The Grapes of Wrath: The Great Exodus and the Land of Opportunity
For many years, individuals have immigrated to the United States, the land of opportunity, in search for a better future not only for themselves, but for their children. These individuals are forced to leave their most cherished belongings behind, their homes, and their life for better opportunities. Throughout their journey, these individuals endure severe circumstances all in an effort to achieve the American Dream; they travel by foot or by car, it may take days, weeks, or months, and in some cases her or she may not reach their destination. The American Dream is the belief that any individual can obtain his or her own version of success in a society in which social mobility is possible for everyone. Individuals achieve the American Dream through sacrifice, hard-work, and risk-taking, rather than by chance all in an effort to survive. Throughout the novel, Steinbeck introduces issues that give an empathetic response to human suffering throughout America. John Steinbeck uses The Grapes of Wrath to portray how society has been conditioned to ignore the needs of others and dehumanize individuals who are seeking an opportunity to strive and survive in a new environment.
John Steinbeck describes the circumstances in which many poor, migrant workers are victimized and taken advantage of for their current living situations. Steinbeck narrates the migration of an Ohklahoma family, the Joads, to California because of the Dust Bowl and also illustrates the hardships that they endure. The great westward exodus creates a huge demand for second-hand vehicles and the crooked salesmen will exploit their desperation and sell the departing families any broken-down vehicle they can afford. While the salesmen wait for the farmers to arrive, Steinbeck describes them as predatory, “Owners with rolled-up sleeves. Salesmen, neat, deadly, a small intent eyes watching for weaknesses” (64). The salesmen take advantage of the poor migrant farmers having little to no knowledge on cars which as a result, they willingly pay for the extremely high prices for their vehicles. The salesmen fill engines with saw dust to hide the noisy transmission and replace good batteries with cracked ones; while traveling on Highway 66, farmers must stop to purchase car parts, where the new salesmen try to cheat them as well. Americans were selfish and full of greed, and they wanted to prosper as a result of others’ misfortunes; there is no compassion in the car sales, but an ongoing cycle of exploitation.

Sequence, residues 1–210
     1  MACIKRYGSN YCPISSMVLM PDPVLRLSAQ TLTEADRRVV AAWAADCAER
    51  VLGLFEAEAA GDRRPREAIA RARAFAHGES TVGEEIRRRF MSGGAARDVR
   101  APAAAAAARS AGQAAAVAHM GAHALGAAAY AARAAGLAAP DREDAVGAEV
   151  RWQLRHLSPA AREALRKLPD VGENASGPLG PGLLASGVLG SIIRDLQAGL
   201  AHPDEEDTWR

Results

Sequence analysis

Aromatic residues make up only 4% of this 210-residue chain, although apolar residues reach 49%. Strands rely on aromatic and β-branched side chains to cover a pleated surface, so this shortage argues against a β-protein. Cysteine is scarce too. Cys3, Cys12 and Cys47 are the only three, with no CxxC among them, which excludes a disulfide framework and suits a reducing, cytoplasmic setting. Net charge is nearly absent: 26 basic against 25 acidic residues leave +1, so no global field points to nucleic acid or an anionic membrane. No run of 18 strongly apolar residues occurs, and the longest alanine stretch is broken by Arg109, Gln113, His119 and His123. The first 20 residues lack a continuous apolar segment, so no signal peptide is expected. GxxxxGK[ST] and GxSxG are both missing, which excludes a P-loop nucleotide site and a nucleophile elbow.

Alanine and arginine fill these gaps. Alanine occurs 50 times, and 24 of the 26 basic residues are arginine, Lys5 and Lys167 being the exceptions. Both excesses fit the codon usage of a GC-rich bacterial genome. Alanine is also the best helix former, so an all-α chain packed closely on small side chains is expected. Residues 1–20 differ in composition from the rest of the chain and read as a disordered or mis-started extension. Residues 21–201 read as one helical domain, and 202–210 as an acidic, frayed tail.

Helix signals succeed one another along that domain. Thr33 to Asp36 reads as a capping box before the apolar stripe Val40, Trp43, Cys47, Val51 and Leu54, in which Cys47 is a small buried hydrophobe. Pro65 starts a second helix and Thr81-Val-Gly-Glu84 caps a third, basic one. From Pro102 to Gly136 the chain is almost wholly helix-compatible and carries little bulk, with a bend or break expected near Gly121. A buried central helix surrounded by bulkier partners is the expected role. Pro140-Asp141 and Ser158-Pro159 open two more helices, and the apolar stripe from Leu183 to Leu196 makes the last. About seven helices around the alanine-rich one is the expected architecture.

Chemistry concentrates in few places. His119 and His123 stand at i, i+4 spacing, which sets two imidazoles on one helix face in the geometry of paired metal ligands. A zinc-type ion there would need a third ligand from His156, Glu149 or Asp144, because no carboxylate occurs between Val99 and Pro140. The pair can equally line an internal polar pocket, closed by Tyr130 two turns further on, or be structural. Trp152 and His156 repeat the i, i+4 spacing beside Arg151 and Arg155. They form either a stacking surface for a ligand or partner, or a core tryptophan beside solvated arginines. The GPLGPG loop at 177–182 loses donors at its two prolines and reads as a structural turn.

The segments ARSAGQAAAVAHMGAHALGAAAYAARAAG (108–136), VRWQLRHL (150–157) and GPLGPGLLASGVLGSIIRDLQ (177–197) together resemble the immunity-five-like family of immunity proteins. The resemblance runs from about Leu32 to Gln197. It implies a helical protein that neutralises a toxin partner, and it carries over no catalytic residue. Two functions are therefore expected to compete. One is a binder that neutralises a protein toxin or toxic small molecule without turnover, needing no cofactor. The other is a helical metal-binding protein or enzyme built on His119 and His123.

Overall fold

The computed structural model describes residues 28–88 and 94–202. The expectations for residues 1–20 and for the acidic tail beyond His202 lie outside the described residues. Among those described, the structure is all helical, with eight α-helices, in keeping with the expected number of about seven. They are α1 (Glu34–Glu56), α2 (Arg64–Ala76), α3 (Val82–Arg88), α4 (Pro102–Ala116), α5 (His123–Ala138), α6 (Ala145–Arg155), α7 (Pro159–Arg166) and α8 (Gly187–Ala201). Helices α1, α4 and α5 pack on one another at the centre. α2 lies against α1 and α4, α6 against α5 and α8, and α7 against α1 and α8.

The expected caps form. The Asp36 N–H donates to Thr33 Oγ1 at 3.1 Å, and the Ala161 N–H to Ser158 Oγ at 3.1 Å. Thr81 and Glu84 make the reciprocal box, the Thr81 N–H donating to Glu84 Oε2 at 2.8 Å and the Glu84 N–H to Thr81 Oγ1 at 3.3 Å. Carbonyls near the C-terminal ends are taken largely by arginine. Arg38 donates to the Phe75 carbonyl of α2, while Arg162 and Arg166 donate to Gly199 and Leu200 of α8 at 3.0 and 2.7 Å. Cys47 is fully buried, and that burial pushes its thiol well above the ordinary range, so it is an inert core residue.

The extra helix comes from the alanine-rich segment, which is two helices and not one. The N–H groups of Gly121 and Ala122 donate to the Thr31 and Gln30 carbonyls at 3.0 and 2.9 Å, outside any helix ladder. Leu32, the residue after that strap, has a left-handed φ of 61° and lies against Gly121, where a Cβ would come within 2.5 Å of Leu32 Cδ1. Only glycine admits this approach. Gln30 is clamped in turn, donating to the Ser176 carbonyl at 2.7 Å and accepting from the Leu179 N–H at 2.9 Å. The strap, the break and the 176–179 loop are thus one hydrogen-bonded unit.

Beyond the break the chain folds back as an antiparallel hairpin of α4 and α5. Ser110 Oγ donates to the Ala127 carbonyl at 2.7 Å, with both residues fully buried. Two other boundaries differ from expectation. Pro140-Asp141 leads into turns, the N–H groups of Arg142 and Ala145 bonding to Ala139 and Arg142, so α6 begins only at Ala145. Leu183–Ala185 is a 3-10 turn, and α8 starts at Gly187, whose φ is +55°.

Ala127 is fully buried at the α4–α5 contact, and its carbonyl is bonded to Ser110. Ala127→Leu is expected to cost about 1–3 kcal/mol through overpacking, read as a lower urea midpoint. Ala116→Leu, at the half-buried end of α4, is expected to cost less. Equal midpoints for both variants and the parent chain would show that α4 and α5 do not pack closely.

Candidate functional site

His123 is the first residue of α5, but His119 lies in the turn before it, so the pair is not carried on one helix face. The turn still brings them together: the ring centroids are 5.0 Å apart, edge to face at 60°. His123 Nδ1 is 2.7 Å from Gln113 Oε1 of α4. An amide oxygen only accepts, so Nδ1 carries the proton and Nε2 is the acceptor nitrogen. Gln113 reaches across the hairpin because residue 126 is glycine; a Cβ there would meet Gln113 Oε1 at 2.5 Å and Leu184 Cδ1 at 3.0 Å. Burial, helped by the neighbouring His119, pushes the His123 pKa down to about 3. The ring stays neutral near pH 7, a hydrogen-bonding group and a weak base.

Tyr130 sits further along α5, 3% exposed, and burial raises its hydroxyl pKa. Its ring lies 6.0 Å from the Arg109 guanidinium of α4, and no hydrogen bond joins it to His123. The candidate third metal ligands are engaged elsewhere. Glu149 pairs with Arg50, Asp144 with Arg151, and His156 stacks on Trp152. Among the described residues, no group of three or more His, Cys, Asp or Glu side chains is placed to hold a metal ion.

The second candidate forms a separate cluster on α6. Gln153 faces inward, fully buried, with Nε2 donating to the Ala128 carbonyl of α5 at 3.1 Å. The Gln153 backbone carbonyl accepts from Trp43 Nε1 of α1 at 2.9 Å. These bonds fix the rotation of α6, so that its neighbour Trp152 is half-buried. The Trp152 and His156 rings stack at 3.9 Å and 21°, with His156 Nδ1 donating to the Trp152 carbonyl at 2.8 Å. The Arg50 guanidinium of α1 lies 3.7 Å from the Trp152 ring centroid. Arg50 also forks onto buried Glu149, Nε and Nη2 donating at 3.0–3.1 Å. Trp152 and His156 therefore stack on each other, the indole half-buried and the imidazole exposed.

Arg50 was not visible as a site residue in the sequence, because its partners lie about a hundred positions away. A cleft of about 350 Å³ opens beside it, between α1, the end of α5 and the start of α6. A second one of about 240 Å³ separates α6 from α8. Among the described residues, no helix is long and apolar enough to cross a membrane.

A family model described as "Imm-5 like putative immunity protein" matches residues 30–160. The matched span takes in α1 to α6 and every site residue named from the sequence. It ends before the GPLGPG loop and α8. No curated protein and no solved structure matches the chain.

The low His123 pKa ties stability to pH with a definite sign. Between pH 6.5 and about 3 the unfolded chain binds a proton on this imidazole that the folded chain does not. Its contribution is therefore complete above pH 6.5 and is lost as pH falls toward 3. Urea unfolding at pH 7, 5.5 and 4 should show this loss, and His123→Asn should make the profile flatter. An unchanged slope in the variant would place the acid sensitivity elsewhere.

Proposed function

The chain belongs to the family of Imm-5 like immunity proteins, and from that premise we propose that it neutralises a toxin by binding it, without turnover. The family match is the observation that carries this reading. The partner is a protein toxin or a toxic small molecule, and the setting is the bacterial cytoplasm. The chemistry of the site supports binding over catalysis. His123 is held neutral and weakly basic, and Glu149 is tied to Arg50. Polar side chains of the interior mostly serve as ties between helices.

In The Grapes of Wrath, Steinbeck focuses on class discrimination and the economic situiation of the migrant farmers as compared to that of the landowners. Throughout various chapters, Steinbeck explains the fear that the California landowners feel over the flood of migrant workers. Tension also increases amongst the merchant class because they cannot gain any capital from them which also causes for racial undertones. While in the camps, the deputies state, “Give ‘em somepin to think about. Got to keep ‘em in line or Christ only knows what they’ll do! Why, Jesus, they’re as dangerous as n…..s in the South! If they ever get together there ain’t nothin’ that’ll stop ‘em” (236). California quickly became overpopulated with migrant workers, jobs and food became scarce, and they faced prejudice and hostility from the Californians. They then begin to use the derogatory term “Okie” to describe those who might challenge the rich farmers and their agricultural interests.
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